i will definitely vote for this book- Elysia

    Reply
  3. Hillhurst school

    Book Review of “Our Rights”
    Elysia Price
    The RMBA book “Our Rights”, written and illustrated by Janet Wilson, describes children who are changing the world and how we can help too. The book starts with a summary list of children’s rights as defined by the United Nations. It then describes 12 cases of different children that have helped make a change for the betterment of children around the world. The book then concludes with several pages describing how the reader can help to make a difference.
    I believe that it is very possible for children like us to make a significant change in the world. Before I read this book I knew from our class discussions that some children had managed to make some improvements but I didn’t expect the improvements could be really that significant.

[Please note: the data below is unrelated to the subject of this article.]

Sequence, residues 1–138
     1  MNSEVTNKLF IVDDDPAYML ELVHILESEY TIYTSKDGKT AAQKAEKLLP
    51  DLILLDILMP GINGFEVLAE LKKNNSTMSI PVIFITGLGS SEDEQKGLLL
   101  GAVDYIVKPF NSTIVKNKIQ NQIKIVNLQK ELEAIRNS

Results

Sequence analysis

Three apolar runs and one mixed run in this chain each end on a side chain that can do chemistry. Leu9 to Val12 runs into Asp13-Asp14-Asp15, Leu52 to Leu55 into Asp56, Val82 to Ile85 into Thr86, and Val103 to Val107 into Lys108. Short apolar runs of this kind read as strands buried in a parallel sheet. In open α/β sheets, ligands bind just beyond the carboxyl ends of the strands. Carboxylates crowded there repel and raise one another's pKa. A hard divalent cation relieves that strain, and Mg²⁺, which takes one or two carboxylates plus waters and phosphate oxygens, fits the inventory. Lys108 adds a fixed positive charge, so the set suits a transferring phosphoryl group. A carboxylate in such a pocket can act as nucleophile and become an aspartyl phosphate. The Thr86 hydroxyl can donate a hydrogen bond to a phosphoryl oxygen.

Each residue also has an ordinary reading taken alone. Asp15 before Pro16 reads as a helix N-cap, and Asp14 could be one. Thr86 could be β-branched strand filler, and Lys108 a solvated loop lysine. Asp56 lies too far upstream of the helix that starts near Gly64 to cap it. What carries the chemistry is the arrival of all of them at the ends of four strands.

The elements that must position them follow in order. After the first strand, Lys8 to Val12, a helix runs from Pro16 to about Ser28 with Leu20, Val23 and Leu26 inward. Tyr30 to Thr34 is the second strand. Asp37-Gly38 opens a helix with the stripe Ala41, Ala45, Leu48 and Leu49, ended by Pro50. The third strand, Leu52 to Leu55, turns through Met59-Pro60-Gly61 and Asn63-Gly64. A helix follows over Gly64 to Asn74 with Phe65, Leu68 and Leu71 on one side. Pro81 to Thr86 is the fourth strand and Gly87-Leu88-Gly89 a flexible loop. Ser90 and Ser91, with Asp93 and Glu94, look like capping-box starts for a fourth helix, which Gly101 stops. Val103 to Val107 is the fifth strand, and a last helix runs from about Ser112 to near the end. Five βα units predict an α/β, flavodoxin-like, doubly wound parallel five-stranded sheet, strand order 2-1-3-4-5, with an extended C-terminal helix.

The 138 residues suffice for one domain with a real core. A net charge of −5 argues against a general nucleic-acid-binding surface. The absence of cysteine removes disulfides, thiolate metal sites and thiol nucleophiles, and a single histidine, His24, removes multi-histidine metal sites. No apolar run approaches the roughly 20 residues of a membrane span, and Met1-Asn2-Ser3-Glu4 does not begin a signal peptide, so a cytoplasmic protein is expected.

I really like the case story regarding Nujood Ali from Yemen. It describes how she was force to marry a much older man when she was 10 years old. Her husband mistreated and abused her. She was brave enough to go to court and convince the judge to grant her a divorce. Inspired by her bravery, other girls came forward to sue for divorce. Nujood then wrote a book, I am Nujood, aged 10 and divorced. The case describes that she wants to be become a lawyer and help other girls in Yemen. I found this case to be very significant in my mind because Nujood didn’t stop after being granted the divorce but then went on to write a book and plans to devote her life to helping other girls that are in the same position she was.